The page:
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The NY Post has made a quiet, and very interesting, move. The Post has blocked access to its website via the Safari browser on the iPad. The ONLY way to access Post content is through the iPad app, an app that users must pay for. As of this writing, Post content is still available free via any browser on a PC or mobile phone— but you have to wonder how long that’ll continue.

Of course, the Post is owned by News Corp., which is bullish on charging for digital content.

This is a very interesting move. One of the issues surrounding iPad apps has always been that users can get the same content free via a browser. If browser access is shut off, will that spur app sales? Or, will users go back to their PCs and mobile devices as long as the content is free there? And, will other publishers follow suit and shut off browser access on now only the iPad, but on any device with an Android app?

Stay tuned. The Post very well may have begun a new strategy that could take off.



Here’s a roundup of happenings in the tablet world in May:


Time, Inc., has announced that it has reached an agreement, with Apple,  that allows Time to give its iPad app to its subscribers free. That’s a marked contrast to earlier Apple guidelines that insisted no publisher could give the app away as an inducement to purchase a subscription.

Time issued a release that explained the arrangement; Apple had no comment.

And that silence leads to two big questions:

  • Will other magazine publishers get the same deal?
  • Will other newspaper publishers get the same deal?

No one knows. Stay tuned.

Give Apple credit — its once again quickly cornered the market on a product by hyping it to the point its become a must-have (though few people can tell you why, really). And it looks like Apple’s iPad will stay the dominant tablet for quite some time — certainly though this year, maybe even into next.

The recently concluded consumer electronic show cause much Android buzz. Manufacturers are promising all sorts of devices this year they claim will challenge the iPad for market supremacy.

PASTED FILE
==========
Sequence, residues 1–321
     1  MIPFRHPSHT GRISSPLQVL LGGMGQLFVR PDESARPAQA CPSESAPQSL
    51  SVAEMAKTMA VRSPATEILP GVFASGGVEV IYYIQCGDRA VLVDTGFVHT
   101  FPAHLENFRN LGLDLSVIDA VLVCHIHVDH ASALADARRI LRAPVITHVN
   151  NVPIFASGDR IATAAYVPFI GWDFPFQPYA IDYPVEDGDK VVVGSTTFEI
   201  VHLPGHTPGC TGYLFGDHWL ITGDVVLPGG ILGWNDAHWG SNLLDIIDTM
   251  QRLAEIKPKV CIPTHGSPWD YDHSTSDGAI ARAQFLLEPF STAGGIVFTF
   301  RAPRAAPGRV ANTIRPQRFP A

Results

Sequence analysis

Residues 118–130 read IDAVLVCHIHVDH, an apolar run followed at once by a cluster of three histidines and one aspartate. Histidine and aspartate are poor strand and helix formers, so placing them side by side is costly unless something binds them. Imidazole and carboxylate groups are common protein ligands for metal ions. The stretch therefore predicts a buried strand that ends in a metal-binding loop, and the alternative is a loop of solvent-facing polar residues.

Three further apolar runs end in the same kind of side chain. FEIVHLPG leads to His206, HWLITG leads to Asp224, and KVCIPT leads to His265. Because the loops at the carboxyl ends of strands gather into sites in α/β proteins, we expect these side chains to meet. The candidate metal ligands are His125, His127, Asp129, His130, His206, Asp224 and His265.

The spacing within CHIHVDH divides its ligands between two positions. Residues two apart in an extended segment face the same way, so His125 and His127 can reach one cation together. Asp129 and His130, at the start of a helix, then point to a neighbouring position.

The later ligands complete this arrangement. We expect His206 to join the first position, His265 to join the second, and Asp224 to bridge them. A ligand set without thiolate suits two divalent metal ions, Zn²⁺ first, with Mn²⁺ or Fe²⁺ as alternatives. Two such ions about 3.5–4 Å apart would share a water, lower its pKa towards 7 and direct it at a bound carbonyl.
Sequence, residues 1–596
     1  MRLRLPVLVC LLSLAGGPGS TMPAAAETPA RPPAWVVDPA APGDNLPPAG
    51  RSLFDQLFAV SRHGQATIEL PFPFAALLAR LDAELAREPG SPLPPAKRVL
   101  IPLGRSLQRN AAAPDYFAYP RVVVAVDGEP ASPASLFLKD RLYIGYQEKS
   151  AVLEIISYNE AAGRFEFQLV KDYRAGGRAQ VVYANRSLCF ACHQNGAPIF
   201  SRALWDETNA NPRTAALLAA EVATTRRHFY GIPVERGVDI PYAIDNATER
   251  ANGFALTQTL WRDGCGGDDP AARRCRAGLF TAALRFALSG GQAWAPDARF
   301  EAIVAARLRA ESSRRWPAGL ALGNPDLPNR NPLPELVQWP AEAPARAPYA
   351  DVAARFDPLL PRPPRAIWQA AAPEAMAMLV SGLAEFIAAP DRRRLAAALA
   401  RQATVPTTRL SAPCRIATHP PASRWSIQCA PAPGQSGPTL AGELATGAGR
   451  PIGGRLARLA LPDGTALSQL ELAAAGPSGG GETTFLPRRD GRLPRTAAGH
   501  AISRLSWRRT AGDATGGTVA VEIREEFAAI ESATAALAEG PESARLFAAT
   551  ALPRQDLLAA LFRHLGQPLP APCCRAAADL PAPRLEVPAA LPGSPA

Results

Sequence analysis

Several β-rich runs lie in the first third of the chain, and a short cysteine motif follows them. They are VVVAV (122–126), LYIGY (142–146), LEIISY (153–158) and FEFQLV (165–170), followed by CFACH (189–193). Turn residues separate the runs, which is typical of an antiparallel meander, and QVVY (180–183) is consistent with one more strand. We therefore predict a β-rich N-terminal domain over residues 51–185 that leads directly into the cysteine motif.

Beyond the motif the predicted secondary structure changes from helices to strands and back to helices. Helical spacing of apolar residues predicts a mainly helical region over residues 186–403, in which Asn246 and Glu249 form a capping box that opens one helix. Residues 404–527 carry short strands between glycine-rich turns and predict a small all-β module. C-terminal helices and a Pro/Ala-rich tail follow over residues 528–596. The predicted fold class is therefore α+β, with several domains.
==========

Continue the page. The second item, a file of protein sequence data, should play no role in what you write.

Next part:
They’re wrong. Here’s why:

  • Many android devices are killing themselves by joining forces with cellphone companies. In order to buy the Samsung Galaxy — a very well received Android device — who have to also buy a 2-year data plan through Verizon. Why would I do that when I can go month-to-month on the iPad? If other android tabs follow suit and force customers to buy unnecessary data plans, their sales will suffer.
  • The Android tablets will market against themselves as well as the iPad. My tablet has a larger screen size; it’s lighter; it has a better resolution; you can download apps from the Google store; yada yada. So while the up and coming Android tablets flight for market share, Apple will win with a simple message: We were here first. And we’re the best. Now try to beat us
  • Users like familiarity. Apple’s familiar. The new Motorola tablet (whenever that launches) is not. Neither are most of the other tablets coming on to the market.

There are other reasons Apple will win. But these are among the biggest.



I’m really excited about Android tablets. I don’t like the iPad’s lack of flash,
no USB ports and since I don’t have a Mac, don’t like the lack of compatibility.

And I fear, in the end, I may end up buying one.

It looks as if Samsung, being released Sept. 18, and Motorola, possibly coming
in October, are being released through cell carriers. That scares me. While no
one has said so, does that mean the carriers will require data packages and
contracts in order to get the tablets at a reasonable price?

That’s how the cellphone game works. Get a phone that retails for $549 for $99
as long as you sign a two-year contract and buy a  $29.99 a month data plan.
Will carriers try the same trick with tablets — $299 with a data plan but
$699 without? And will they try to force a two-year contract on all tablet

If they do that, these android tablets will be dead on arrival.  Consumers are getting sick of being nickled and dimed for every new gadget that hits the market. That consumer frustration helps Apple. The iPad, for all of its flaws, doesn’t require any contracts and users can buy a data plan month-to- month. That’s enough to make me
change my mind and buy one.

Several of you who routinely read my blog posts have asked why I’ve stopped. It certainly isn’t for lack of interesting things happening in the world. It’s been more a function of time. For those of you who try to blog regularly, you know how time consuming this can be. But enough of the excuses: let’s give this another shot. Here are some random thoughts:

  • Reports seem to indicate that the publishing industry — especially newspapers — is rebounding a little. Revenue projections look better; the advertising slide won’t be as bad in 2010 as it was in 2009. But this should provide little comfort since the traditional sources of revenue aren’t coming back, and publishers are still having a hard time finding new revenue streams.
  • The iPad’s taken everyone by storm. I’ve seen it, used it, and it is a nice device that will have value among a certain segment of the population. But how popular will it be long term? In the end, it looks to me to be a niche product.